and then tossing 0 in its place and taking the limit of that stuff raised
to the nth power. Qualitatively, it is
(1 + SomethingGoingTowardsZero)^SomethingGoingTowardsInfinity
In fact, I wouldn't object to that characterization. But
SomethingGoingTowardsZero is not necessarily zero. In this case it
definitely isn't-- 1/n assymptotically approaches zero, which means it
gets as close to zero as you'd like, but is never actually equal to zero.
As before, (1 + SomethingGoingTowardsZero) is going to be always something
just a little bit more than one.

The central claim:

DrumMajor:
> In an obscure mathematical effect an infinite amount of zeros will add
> to one

Uhm. No. An infinite number of zeros added together will generally be
undefined (the idea is that you can't add an infinite number of anything)
or at best, zero.

An aside: we do sometimes consider the extended real numbers-- that's the
real numbers (infinity is not one) along with 2 extra elements-- pos_inf
and neg_inf. These are special elements, and we define their behavior.
It's almost like they become catchalls for those things that aren't really
defined, but they're larger than all rest.
http://planetmath.org/encyclopedia/ExtendedRealNumbers.html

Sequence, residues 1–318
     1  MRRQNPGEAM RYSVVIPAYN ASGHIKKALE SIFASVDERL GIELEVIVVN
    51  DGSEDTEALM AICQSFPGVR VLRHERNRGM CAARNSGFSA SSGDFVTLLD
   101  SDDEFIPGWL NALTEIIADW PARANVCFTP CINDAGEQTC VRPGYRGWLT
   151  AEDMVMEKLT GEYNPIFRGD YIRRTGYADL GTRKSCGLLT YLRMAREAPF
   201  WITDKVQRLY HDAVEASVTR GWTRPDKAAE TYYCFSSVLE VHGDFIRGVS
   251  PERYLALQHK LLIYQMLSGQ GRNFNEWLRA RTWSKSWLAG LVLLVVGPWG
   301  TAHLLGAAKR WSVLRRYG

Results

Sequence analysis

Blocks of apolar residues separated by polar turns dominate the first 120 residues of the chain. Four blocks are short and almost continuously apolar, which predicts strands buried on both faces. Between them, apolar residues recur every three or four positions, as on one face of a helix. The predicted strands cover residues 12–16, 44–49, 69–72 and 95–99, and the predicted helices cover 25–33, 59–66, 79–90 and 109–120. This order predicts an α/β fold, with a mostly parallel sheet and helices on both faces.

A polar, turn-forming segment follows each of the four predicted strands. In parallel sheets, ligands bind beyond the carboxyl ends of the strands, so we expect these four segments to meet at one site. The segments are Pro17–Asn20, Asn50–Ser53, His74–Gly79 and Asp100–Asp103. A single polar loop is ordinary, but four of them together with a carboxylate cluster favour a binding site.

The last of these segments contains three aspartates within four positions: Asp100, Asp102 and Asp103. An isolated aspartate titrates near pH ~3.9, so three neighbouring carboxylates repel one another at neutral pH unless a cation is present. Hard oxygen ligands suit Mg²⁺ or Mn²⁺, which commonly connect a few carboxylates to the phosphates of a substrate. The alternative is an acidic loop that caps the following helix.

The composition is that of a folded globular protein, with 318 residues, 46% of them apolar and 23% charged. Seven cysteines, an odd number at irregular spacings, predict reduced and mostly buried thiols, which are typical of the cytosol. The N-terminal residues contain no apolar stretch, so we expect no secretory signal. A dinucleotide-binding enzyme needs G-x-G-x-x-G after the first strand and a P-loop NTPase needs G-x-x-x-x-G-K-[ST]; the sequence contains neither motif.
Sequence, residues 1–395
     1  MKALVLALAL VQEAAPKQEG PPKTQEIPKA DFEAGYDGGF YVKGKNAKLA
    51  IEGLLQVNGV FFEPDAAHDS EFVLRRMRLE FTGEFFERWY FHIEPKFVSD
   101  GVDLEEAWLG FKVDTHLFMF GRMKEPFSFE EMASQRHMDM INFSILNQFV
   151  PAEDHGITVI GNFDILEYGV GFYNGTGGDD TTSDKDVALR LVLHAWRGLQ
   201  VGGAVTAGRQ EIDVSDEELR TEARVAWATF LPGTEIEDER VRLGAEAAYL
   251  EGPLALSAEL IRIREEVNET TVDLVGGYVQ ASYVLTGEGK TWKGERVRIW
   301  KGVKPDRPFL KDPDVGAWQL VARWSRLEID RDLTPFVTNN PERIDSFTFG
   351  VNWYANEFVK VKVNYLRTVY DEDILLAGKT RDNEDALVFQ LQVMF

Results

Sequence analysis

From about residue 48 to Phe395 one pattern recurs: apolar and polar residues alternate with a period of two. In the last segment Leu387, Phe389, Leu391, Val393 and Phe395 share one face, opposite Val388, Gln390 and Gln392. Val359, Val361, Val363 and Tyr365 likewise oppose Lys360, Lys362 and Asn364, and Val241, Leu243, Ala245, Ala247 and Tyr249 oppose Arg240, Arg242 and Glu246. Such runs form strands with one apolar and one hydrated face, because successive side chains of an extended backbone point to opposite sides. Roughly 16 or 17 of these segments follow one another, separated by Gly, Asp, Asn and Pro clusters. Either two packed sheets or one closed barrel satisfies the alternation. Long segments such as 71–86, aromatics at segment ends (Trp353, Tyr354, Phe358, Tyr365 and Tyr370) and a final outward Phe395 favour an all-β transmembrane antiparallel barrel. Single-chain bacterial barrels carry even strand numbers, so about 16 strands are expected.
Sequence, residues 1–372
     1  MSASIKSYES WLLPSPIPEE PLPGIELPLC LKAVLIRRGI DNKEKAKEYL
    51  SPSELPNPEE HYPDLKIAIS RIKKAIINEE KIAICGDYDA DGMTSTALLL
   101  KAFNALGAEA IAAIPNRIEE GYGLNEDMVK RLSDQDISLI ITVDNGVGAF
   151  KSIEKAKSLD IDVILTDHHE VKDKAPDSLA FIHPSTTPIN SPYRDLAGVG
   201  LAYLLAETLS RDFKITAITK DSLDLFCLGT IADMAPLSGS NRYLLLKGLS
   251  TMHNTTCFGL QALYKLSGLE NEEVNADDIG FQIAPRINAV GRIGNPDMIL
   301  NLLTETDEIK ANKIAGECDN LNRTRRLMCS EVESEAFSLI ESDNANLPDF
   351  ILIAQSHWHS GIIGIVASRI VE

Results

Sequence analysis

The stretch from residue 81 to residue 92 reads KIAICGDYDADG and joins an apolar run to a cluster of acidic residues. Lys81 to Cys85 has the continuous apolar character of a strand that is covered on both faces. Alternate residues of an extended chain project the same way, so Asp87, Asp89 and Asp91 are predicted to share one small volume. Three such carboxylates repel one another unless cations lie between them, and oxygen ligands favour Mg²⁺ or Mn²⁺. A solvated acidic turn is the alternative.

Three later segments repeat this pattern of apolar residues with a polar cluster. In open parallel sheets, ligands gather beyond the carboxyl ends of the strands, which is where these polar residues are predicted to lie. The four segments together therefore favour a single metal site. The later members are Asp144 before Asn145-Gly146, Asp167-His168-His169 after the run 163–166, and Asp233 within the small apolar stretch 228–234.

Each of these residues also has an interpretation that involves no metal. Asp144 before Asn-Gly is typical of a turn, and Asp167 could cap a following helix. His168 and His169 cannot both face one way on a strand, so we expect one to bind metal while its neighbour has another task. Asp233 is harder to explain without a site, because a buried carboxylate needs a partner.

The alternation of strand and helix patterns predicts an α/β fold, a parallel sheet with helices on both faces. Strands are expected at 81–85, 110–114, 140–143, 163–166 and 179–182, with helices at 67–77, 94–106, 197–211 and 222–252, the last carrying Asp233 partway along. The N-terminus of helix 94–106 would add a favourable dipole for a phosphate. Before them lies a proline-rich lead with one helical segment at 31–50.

is a n accessible discussion of some of the details.

As for 00112358, sloanes (an online encyclopedia of integer sequences) has
it as part of a number of sequences:
http://tinyurl.com/jckhl
However, it only starts one:
http://www.research.att.com/~njas/sequences/A092362
"Number of partitions of n^2 into squares greater than 1" (note that the
list starts with n=0).

That is, for a number n, the nth term in the list tells you the number of
ways to write n^2 as a sum of only squares greater than 1.

For example, n = 5 gives 3-- there are 3 ways to write 5^2 = 25 as a sum
of squares greater than 1:

25 = 25
25 = 9 + 16
25 = 4 + 4 + 4 + 4 + 9

However, I rather doubt this is what the webpage is about.
-------------------------------------------------------------------------------

Posted: Fri Jul 14, 2006 1:29 pm
Rolerbe
Unfettered

Joined: 01 Mar 2005
Posts: 330
Location: North America

Nice summary -- Thanks!

*Rolerbe sleeps easy again knowing the fate of the (largely mathematical) universe is secure.
_________________
Failure isn't the worst thing in the world. Repeatedly trying really, really hard, then failing, now that's something.

Posted: Fri Jul 14, 2006 1:44 pm
Kanashimi No Kage
Greenhorn

Joined: 11 Jul 2006
Posts: 3

Rolerbe wrote:
 Kanashimi No Kage wrote: The value of e is calculated as follows: Limit as N goes to infinity of (1+(1/n))^n This simplifies to (1+(0))^infinite.